To whatever extent painting can be considered a moral act, it necessarily goes in one of the worst possible directions. As an author, you have a weird, guilty authority over everything you create. You can't make a painting without embracing your own desire as something good. You can find all kinds of examples of this with the Expressionists. There's a perverse aspect to their saying "I made it this way, I made the shadow on her face green." When you choose distorted or unnatural colors, it's not lyrical or metaphorical so much as it's infantile or atavistic. A green shadow is not "minty," but a flaunting of the idea that you are free to do something. That's why I've always thought of myself as an expressionist artist. I think in terms of expressionism because it's involved with dumb ideas, really stupid ideas; and even if my strategy would seem to be mapped-out, some people would even say "smart," that's not what I mean when I say "stupid." I'm talking about stupid urges and stupid desires, things that don't involve any irony or anything intellectual.

KS: Is your work ironic?

JC: Maybe I'm a little bit ironical about the right-wing associations that come with talking about painting in terms of domination or authority. But by playing a gambit on that in my paintings, I think it sort of cancels itself out. If I make a sexist depiction of a woman, somehow it becomes a double negative to what painting was doing all along. One of my main missions, though, has been to try to get my work to be less ironic. I think about things that are not ironic, like sexual desire, fear of death, basic things that are by no means new concepts. A semiotician would say that the entire world is ironic, that it's about understanding where the misapplied labels are, that the very idea of a label describing something is a lie anyway. It seems to me that great art always makes you feel like there isn't a misapplied label.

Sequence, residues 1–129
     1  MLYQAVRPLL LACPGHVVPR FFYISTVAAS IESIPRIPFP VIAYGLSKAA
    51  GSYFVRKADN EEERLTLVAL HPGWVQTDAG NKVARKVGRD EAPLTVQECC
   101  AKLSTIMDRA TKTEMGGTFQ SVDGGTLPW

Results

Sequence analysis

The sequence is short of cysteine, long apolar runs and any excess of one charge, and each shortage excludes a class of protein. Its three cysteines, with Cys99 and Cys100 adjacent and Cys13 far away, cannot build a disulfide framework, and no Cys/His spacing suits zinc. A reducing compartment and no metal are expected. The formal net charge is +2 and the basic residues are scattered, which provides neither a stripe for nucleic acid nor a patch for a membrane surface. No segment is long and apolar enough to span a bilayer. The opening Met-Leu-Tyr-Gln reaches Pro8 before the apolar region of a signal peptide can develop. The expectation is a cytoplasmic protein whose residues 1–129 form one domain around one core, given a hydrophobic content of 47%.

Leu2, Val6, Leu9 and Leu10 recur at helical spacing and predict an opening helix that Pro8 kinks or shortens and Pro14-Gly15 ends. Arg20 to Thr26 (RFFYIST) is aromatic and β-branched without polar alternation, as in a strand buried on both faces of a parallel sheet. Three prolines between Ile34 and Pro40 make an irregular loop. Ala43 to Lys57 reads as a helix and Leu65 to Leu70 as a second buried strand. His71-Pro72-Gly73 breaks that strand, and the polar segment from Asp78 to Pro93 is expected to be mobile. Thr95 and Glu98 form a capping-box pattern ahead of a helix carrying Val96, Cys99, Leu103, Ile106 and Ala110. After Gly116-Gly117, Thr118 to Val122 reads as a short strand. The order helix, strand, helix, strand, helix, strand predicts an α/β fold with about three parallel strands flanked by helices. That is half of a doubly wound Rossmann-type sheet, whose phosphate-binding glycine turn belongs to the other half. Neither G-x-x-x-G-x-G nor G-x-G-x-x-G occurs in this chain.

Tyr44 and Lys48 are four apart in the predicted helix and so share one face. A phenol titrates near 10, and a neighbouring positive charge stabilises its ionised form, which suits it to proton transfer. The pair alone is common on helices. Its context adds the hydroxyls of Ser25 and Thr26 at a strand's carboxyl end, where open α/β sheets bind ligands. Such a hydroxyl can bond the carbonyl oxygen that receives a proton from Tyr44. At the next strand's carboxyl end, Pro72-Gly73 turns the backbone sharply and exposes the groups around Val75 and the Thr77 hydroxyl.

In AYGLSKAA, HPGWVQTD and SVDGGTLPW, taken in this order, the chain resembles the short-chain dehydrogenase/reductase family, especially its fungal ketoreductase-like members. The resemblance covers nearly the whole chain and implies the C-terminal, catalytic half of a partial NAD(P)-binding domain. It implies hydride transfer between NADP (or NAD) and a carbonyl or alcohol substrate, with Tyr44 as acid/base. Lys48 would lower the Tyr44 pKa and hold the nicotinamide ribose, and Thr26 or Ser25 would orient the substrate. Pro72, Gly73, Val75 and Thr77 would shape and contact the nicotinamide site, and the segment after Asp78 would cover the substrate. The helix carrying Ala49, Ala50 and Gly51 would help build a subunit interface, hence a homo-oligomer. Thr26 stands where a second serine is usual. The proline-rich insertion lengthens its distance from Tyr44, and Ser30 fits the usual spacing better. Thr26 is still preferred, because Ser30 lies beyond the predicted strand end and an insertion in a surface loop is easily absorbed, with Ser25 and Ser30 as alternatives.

This is all clichéd, but clichés themselves are sort of a poor man's form of great art. They're a recurring truth. Maybe really great art becomes cliché, too. Jackson Pollock had an amazing way of putting on paint in the freshest, most un-clichéd way, but his greatest achievement was to use that to arrive at clichés. I'm tired of people trying so hard to avoid clichés that they drip paint on a canvas with something like a severed moose head in an effort to make their work weirder and weirder. I felt like I wanted to quit walking around the perimeter, I wanted to slog through the center, get all fucked-up and dirty. I would rather that my work turn into a cliché than be a kind of artfully dodged, ironic critique. I'd rather that my work be truly a cliché than a critique of clichés. Ultimately, I think what I do is find a cliché and try to believe in it, try to get to where I don't laugh at it.

***

In art, problems are rarely solved, but often abandoned. An entire set of important questions suffered the same death and diaspora as the pre-World War II generation of art historians who tended to pose them: What is the function of the nude? Is it possible to speak of national identity in painting? Is it important to have an individual style? Is there such a thing as a classic work of art? Is a good painter someone who imbues his work with moral lessons, or is he someone who simply paints well? If the return of the repressed has an unclogging or unblocking effect on the artist, it also has a sort of bulimic effect on his discipline or medium: when Currin sticks his brush down the throat of art history — tickling the Rococo with a feather — it regurgitates problems long gone and presumed dead.